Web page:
HAGERSTOWN, Md. (AP) — The Maryland State Department of Education says it’s addressing shortcomings in the schooling it provides in juvenile justice centers.
In a report released Thursday by the state’s Juvenile Justice Monitoring Agency, the department acknowledged that credits earned in confinement are not necessarily applied toward graduation requirements at the students’ home schools.
The department also acknowledged that a shortage of teachers and support staff at the youth centers means classrooms are sometimes run by uncertified instructional assistants.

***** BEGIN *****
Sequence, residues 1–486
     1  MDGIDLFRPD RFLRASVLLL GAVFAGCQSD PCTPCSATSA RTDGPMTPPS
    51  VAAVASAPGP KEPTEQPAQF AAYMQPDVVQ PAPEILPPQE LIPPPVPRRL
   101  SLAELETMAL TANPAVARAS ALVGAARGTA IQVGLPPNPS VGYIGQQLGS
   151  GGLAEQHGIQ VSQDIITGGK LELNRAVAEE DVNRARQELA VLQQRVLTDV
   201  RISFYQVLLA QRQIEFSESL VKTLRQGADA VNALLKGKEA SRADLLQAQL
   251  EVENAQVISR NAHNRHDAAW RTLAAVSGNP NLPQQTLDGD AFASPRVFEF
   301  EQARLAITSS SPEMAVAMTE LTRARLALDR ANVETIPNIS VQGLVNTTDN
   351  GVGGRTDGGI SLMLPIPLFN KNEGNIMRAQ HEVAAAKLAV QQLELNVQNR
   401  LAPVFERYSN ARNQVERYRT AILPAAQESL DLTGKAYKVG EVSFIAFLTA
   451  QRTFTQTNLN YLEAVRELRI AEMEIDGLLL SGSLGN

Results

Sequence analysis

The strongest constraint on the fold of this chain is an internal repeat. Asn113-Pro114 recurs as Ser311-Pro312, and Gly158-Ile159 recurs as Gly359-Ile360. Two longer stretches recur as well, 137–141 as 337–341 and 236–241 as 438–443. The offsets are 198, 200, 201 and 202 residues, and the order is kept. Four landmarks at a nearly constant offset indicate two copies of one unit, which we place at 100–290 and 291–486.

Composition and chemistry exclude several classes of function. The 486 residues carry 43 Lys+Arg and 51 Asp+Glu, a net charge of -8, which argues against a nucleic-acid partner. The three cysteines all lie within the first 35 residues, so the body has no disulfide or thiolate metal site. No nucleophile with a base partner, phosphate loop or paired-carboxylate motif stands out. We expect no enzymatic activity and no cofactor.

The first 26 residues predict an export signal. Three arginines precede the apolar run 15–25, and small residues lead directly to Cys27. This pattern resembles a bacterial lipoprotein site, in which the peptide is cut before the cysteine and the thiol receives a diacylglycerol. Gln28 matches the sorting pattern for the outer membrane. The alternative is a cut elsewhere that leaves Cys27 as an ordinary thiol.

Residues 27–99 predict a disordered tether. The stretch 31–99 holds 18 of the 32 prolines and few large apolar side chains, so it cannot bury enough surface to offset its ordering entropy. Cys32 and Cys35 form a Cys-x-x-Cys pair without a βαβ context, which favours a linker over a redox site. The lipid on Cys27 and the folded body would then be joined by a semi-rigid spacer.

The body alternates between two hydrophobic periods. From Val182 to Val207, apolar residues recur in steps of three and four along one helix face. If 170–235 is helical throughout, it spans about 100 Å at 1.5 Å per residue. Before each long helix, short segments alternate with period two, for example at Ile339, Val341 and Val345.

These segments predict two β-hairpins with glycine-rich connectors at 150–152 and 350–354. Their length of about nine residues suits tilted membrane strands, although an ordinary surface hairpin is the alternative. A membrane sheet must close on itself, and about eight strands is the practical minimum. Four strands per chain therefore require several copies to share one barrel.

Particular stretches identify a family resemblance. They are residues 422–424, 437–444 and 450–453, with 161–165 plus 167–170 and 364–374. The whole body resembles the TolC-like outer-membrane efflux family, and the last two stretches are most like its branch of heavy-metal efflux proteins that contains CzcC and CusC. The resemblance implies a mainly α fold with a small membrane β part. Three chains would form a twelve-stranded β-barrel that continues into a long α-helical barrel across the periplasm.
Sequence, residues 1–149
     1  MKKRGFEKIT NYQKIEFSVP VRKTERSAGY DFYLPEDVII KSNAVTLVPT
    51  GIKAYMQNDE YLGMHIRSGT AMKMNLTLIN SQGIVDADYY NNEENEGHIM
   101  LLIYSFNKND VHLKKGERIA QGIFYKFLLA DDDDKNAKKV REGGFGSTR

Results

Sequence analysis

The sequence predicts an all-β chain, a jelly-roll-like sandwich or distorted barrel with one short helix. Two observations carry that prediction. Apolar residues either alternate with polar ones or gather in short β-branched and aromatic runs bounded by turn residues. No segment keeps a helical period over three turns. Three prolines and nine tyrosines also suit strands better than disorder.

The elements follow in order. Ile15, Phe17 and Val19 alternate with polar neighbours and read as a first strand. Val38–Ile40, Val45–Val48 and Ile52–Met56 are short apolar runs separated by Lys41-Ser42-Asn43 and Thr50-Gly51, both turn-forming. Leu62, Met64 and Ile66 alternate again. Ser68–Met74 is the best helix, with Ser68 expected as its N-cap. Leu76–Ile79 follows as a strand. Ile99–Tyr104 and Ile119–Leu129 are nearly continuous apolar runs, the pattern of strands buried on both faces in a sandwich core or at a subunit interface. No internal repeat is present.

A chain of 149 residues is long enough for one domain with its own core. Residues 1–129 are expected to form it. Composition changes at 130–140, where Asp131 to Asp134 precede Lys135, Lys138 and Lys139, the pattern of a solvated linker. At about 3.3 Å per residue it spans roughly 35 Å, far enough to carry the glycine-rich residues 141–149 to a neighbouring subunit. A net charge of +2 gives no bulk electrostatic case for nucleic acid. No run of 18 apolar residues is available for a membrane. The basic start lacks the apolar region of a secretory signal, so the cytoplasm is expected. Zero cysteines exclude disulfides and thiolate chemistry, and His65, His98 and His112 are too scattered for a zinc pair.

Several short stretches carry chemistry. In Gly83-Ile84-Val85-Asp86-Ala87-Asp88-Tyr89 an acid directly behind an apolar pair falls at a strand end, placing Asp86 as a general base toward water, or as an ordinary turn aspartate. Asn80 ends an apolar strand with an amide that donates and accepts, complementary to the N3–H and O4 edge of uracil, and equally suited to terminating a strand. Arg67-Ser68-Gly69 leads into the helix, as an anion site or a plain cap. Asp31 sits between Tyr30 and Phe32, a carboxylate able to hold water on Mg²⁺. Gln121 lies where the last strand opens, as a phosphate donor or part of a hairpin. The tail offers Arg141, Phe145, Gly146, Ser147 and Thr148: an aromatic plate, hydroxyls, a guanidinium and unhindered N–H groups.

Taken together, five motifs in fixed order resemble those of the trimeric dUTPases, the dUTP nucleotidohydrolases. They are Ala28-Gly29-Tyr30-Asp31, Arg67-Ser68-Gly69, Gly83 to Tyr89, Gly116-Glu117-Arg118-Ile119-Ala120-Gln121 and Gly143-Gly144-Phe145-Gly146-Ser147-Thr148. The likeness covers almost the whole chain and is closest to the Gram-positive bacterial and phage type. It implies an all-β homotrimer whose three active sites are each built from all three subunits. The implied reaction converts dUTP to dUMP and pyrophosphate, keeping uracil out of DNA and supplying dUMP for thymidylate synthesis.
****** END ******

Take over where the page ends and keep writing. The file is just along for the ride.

The department says it’s working to correct the shortcomings. Some of them were the subject of a November complaint by the state public defender’s office.
The department assumed educational instruction at the youth centers last June amid concerns by state officials that the previous program run by the Department of Juvenile Services was inadequate.
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